Leftover cereal slice

Leftover cereal slice

Attention all budget-savvy bakers: this crunchy, chocolately slice is a genius way of using up leftover cereal.

ham and green lentil soup with gremolata


Ham and green lentil soup with gremolata

Ham and green lentil soup with gremolata

Dig into this classic winter warmer with melt-in-your-mouth ham, tender lentils and juicy vegetables topped with fragrant gremolata. Serve with a generous slice of crusty bread and melting butter.

ham and brie finger sandwiches


Ham and brie finger sandwiches

Ham and brie finger sandwiches

With the addition of caramelised onion relish, these ham and cheese finger sandwiches make the tastiest afternoon snack. You can experiment with all sorts of fillings like smoked salmon with cream cheese, egg and mayo, or chicken and watercress.

Leftover pork ribs fried rice


Leftover pork ribs fried rice

Leftover pork ribs fried rice

Make the most of dinner by making enough for lunch the next day! Here, we’re using up those leftover pork ribs to make an easy barbecue pork fried rice that’s just waiting to be gobbled up for lunch.



Rogan josh lamb pie with coriander chutney

Rogan josh lamb pie with coriander chutney


Leftover roast vegetable quiche

Leftover roast vegetable quiche

We’re using up those pesky odds and ends of roast vegetables by turning them into a delicious quiche. You could also use leftover grated cheddar or crumbled feta to scatter over the top of the quiche.



Apricot brown betty

Apricot brown betty

Use up leftover hot cross buns to make this speedy, delicious dessert.

Slow-cooker ribollita


Slow-cooker ribollita

This slow cooker ribollita recipe is a traditional Tuscan dish, used by reviving leftover minestrone and adding a few simple ingredients.


Italian minestrone soup

Italian minestrone soup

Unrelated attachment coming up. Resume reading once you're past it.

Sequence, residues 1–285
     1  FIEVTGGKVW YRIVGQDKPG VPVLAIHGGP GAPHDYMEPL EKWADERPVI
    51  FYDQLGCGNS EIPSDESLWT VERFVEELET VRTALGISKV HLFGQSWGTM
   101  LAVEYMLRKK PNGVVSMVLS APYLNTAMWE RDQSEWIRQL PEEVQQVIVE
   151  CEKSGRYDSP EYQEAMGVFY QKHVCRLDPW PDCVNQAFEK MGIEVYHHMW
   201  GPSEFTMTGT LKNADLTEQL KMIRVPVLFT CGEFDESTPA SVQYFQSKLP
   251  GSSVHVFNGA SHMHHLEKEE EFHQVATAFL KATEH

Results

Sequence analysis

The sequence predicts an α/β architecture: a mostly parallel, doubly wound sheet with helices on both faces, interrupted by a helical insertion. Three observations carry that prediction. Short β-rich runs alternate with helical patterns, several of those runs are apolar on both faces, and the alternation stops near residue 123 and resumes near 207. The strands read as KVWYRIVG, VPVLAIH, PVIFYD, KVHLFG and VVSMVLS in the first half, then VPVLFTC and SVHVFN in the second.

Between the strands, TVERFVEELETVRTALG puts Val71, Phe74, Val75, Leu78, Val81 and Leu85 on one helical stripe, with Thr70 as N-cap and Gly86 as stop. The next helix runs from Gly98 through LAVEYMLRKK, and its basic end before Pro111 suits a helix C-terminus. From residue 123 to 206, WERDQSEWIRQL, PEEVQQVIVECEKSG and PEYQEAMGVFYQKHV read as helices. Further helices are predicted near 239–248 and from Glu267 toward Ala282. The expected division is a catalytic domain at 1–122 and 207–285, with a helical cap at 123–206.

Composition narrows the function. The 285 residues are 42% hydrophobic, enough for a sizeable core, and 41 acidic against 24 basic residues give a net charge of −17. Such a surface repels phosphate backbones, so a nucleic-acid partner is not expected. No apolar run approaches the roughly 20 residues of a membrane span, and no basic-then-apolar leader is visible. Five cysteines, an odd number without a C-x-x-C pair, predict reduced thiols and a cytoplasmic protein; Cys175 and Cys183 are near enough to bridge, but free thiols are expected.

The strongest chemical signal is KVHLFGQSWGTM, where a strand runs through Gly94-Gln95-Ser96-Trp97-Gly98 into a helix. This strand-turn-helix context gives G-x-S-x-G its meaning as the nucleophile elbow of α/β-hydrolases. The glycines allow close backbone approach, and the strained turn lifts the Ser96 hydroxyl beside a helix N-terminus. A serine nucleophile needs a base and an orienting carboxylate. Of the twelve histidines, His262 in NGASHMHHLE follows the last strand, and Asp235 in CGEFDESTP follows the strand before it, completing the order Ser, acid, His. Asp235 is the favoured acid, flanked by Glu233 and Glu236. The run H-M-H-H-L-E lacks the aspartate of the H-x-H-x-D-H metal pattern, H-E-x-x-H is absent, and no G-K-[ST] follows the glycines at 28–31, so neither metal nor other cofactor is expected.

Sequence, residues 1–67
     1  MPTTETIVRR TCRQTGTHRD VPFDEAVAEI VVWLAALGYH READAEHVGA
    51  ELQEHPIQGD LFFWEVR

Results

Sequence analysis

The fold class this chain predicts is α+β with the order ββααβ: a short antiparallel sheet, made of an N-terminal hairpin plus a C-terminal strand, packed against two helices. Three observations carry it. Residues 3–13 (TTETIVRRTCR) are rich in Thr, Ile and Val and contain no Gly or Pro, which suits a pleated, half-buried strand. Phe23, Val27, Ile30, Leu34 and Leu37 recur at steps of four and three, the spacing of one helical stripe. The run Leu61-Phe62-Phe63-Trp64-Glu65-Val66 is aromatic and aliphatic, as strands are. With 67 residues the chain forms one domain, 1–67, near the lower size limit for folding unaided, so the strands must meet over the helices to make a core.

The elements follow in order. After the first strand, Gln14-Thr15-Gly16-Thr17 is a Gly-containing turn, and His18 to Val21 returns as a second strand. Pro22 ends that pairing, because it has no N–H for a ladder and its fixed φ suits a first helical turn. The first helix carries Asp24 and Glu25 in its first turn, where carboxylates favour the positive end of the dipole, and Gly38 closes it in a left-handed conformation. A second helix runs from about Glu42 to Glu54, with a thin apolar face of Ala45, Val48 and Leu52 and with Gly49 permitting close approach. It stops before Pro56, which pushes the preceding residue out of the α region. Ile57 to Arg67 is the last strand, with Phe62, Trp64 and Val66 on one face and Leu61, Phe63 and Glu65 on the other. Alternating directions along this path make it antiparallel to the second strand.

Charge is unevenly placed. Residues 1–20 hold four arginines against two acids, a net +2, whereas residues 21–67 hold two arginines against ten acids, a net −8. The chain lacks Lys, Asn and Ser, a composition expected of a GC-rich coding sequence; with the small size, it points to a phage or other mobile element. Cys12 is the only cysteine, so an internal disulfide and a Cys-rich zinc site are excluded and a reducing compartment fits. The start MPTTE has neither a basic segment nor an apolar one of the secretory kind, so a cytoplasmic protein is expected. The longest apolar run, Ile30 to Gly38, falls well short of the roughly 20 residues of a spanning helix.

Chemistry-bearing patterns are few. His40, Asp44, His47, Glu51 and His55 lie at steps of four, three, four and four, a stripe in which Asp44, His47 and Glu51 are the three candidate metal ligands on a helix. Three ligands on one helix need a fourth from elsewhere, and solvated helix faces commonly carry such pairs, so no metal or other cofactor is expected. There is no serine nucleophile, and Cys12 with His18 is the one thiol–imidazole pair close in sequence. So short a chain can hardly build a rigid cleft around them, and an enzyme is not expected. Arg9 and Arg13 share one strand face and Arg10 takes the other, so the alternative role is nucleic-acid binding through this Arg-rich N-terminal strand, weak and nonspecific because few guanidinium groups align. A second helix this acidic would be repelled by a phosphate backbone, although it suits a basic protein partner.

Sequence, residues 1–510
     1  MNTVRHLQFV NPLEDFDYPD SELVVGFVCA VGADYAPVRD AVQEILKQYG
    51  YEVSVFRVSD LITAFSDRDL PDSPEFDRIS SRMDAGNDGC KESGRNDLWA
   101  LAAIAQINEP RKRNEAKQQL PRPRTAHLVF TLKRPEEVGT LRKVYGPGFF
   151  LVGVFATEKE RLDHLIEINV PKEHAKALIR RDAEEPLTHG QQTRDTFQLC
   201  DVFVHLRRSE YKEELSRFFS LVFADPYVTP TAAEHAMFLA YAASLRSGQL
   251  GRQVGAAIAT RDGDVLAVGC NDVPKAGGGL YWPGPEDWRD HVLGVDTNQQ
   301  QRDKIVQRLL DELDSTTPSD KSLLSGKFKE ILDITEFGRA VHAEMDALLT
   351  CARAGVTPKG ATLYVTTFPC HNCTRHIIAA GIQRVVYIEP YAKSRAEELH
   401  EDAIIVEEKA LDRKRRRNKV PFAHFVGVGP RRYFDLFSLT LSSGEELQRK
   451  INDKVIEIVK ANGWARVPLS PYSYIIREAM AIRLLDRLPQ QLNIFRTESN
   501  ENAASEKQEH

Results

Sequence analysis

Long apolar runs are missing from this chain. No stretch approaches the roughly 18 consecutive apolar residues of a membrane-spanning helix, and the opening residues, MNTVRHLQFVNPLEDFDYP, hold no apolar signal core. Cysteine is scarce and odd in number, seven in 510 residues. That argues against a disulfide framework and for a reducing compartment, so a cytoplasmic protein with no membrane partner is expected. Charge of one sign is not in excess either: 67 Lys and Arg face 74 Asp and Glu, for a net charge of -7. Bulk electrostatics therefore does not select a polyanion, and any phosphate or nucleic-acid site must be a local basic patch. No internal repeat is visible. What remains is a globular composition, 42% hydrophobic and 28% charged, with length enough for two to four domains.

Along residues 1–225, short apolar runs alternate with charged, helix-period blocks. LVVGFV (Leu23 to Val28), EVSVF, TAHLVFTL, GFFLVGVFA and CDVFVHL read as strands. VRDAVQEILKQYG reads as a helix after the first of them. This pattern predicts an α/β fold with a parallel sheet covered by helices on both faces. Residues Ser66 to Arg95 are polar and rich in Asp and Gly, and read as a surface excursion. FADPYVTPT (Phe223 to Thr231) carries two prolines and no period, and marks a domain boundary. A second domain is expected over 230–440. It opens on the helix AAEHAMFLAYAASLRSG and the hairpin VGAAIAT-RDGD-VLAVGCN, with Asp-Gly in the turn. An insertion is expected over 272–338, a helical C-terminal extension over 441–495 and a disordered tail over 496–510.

This hearty Italian vegetable soup made with tomato-y broth and pasta, traditionally made to use up leftover vegetables, use any seasonal veg you have

pot pie recipes


Leftover lamb pot pies with mushy peas

Leftover lamb pot pies with mushy peas

These beautiful lamb and potato pies use leftover lamb shanks to create a quick and tasty filling. Serve with minted mushy peas for a complete dinner.



Pesto chicken turnovers

Use up leftover chicken in the these pesto chicken turnovers for a delicious lunch idea.


Ham and cheese croquettes

Ham and cheese croquettes

A great way to use any leftover ham. The classic combination of oozy ham and cheese centre with a crunchy breadcrumb coating and served with a home-made tomato sauce.

chicken and risoni pasta bake


Chicken and risoni pasta bake

Chicken and risoni pasta bake: Creamy, cheesy and deeply comforting, this chicken and risoni pasta bake is a great dish to pull out when you’re feeding lots of people.

Chicken lavash rolls


Chicken lavash rolls

Chicken lavash rolls

Delicious chicken and Greek salad wrapped in an Armenian lavash.

chicken fried rice recipe


Chicken fried rice

This Asian inspired dinner is quick, simple and SO tasty! If you use leftover chicken, it is even easier. Full of delicious flavour and texture, this chicken fried rice is sure to become a family favourite in no time!

Roast Chicken Pasta


Roast chicken pasta

Roast chicken pasta

Use precooked chicken and sun-dried tomatoes which omits the need to cook a tomato sauce, without sacrificing any of the flavour.